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Politics 365 - Congressional Black Caucus Calls for Action on Jobs Bills

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By Kenneth Mallory

The Congressional Black Caucus' ended its series of town hall meetings Monday in Los Angeles with a call for legislation to put Americans to work.

The host, U.S. Rep. Maxine Waters, D-California, also sought to deflect criticism of her vocal comments during the For the People Jobs Initiative. At previous stops in other cities, she generated controversy for saying the Tea Party could "go to hell" and for admonishing blacks for their fears of being disloyal to President Barack Obama if they held him accountable for job creation in the African American community.

As at previous town halls, Waters said that the Congressional Black Caucus supported the president and wanted to see him re-elected, despite the criticisms she and other members had lodged against him.

"The work that we do in job creation and expanding opportunity has nothing to do with whether or not we like or love the president," said Waters. Rather, Waters said, the caucus was interested in "helping the president protect his base" so that he could achieve reelection.

"We will continue our work of reaching out, organizing, being the legislators that you sent us to be, creating good public policy," Waters said, "and we're going to lead to fight and stand up to the Tea Party and any and everybody else who wants to take us down, take us out, destroy this country and destroy this government."

The town hall, held at Crenshaw Christian Center, was attended by more caucus members than any other tour stop.

Other House members participating, all Democrats, included Andre Carson of Indiana; Laura Richardson, Barbara Lee and Karen Bass, all of California; John Conyers and Hansen Clark, both of Michigan; CBC Chairman Emanuel Cleaver of Missouri; Cedric Richmond of Louisiana; and Sheila Jackson-Lee and Al Green, both of Texas.

The Rev. Jesse Jackson Sr. was also a panelist for the town hall, which was moderated by MSNBC correspondent Mara Schiavocampo.

Before they answered questions about unemployment and the national economy, caucus members sang each other's praises and defended the caucus mission of bringing awareness to joblessness.

Caucus members also criticized the media's coverage of the Jobs Tour.

"I'm glad that media outlets are here, and I'm glad that this has been widely covered," Bass said. "But part of the way that it's been covered frankly has pissed me off, because they always want to see us divided.… The Congressional Black Caucus is fighting for jobs. The Congressional Black Caucus is very clear who we want to see in the White House in the next four years, and we're not going to let them divide us. We're not going to let them pit us against each other, and we're not going to let them attack the members of the CBC the way they have attempted to do over and over again."

Cleaver, the caucus chair, weighed in as well. "We've not gone around the country to make enemies, we've gone around the country to make a difference," said Cleaver. "A wheelbarrow will never move unless it's pushed, and that's the same way with this economy. If we don't push this economy, if we don't do some things to ignite the economy, it's not going to go anywhere."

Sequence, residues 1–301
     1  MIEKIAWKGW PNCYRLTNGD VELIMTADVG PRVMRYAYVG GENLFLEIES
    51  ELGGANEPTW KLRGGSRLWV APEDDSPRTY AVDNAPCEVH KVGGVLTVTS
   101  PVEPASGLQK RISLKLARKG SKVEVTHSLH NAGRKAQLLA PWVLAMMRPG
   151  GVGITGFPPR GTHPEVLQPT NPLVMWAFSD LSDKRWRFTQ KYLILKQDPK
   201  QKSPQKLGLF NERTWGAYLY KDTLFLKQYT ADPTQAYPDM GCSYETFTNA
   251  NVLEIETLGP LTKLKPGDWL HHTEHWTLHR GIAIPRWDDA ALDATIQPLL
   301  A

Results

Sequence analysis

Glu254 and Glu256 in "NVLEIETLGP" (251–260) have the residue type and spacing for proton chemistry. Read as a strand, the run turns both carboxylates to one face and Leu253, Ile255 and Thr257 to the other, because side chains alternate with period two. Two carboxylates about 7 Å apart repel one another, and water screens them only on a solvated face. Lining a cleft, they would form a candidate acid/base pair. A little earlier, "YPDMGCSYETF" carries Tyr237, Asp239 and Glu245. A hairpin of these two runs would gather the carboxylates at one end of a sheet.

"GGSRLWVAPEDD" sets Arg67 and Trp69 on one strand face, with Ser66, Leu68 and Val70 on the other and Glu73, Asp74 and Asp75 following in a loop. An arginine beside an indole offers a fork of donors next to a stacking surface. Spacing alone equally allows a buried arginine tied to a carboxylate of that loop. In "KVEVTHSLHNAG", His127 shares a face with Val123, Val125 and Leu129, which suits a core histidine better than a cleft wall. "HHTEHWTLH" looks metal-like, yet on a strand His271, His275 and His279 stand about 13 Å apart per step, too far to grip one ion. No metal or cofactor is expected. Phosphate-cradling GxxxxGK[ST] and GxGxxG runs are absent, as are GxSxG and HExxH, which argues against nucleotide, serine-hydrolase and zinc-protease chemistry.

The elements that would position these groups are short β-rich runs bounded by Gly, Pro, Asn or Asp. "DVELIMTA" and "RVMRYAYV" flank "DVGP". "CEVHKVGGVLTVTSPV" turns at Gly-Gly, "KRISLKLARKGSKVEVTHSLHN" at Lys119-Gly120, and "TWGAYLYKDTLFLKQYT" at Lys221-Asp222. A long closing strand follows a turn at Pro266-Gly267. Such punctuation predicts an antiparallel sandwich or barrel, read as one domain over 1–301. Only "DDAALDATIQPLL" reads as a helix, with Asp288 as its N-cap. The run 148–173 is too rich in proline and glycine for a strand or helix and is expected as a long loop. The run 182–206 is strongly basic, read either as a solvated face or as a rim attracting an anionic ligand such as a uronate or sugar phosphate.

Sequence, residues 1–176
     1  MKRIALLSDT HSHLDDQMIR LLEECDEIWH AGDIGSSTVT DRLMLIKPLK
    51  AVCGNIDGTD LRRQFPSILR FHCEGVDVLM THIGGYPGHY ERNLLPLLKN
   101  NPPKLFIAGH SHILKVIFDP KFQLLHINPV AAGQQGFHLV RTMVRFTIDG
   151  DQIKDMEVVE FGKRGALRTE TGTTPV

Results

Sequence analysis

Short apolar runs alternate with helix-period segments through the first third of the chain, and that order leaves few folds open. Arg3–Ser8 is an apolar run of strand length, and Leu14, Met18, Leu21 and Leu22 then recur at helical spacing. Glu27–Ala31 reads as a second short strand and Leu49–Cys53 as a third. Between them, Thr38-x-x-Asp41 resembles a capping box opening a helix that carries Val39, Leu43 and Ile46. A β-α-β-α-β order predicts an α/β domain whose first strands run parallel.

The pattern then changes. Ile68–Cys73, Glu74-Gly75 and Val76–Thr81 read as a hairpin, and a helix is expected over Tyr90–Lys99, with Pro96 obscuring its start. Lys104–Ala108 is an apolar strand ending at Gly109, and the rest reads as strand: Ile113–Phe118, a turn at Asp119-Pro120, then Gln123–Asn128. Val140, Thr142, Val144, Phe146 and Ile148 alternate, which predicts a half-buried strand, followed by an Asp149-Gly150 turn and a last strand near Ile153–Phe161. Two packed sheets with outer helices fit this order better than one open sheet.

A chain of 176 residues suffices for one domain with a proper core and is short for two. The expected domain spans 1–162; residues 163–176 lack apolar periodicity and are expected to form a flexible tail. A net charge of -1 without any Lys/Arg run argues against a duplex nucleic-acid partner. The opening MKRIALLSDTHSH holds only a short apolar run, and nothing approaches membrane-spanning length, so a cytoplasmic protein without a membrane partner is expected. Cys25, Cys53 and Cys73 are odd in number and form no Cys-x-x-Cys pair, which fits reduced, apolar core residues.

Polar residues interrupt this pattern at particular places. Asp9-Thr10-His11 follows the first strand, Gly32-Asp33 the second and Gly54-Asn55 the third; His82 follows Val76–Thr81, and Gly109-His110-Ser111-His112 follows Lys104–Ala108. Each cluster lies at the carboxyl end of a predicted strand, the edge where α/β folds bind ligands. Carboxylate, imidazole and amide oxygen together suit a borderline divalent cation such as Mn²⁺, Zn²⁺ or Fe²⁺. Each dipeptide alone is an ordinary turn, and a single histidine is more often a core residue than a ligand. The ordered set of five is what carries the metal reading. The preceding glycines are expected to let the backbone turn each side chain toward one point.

Conyers said the Congressional Black Caucus must meet immediately with the president, who is expected to announce his plan for job creation after Labor Day, "to let him know what is going on in our communities" and to get his support for the jobs legislation proposed by caucus members.

"His advisers are not advising him correctly," said Conyers. "We have to have the president of the United States coming out for the jobs bill that will put millions of Americans back to work."

Conyers said the caucus would hold a jobs rally at the White House the day before its Annual Legislative Conference on Sept. 21.

Caucus members spoke of several initiatives to create employment.

Jackson-Lee, for example, spoke of holding government contractors accountable for providing jobs.

"Right now your tax dollars across America are building up the fat pockets of contractors everywhere you can see them," Jackson-Lee told attendees of the town hall. "Everybody that gets a government contract should be made to give a plan of how they're going to hire the people in your neighborhood. And they should not get a contract if they don't hire you in your neighborhood."

Carson spoke of utilizing alternative energy and harnessing organized labor to create job opportunities for young adults. The discussion also included entrepreneurship and grants for small business as mechanisms to create jobs.

Several other topics at the Los Angeles town hall had been discussed at previous tour stops in Cleveland, Detroit, Atlanta and Miami.

Richardson, for instance, spoke again about reauthorization of the transportation bill and the need to push for projects that would be of "national significance" and create long-term jobs.

The town hall also featured a performance of the "National Anthem" by R&B singer Tyrese.

A representative for the Congressional Black Caucus said there were no definitive numbers on how many jobs have been offered to attendees of the For The People Jobs Initiative.


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